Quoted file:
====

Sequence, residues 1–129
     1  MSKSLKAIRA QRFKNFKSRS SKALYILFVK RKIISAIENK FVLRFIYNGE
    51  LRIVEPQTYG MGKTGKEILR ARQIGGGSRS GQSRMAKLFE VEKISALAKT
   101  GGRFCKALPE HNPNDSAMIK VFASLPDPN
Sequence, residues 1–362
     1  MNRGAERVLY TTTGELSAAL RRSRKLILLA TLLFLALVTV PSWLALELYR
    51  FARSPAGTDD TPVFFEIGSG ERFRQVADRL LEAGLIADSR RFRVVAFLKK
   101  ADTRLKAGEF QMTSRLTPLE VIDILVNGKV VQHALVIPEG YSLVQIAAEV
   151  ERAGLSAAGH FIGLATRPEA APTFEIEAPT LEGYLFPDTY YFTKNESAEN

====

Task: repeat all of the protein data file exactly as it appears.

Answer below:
Sequence, residues 1–129
     1  MSKSLKAIRA QRFKNFKSRS SKALYILFVK RKIISAIENK FVLRFIYNGE
    51  LRIVEPQTYG MGKTGKEILR ARQIGGGSRS GQSRMAKLFE VEKISALAKT
   101  GGRFCKALPE HNPNDSAMIK VFASLPDPN
Sequence, residues 1–362
     1  MNRGAERVLY TTTGELSAAL RRSRKLILLA TLLFLALVTV PSWLALELYR
    51  FARSPAGTDD TPVFFEIGSG ERFRQVADRL LEAGLIADSR RFRVVAFLKK
   101  ADTRLKAGEF QMTSRLTPLE VIDILVNGKV VQHALVIPEG YSLVQIAAEV
   151  ERAGLSAAGH FIGLATRPEA APTFEIEAPT LEGYLFPDTY YFTKNESAEN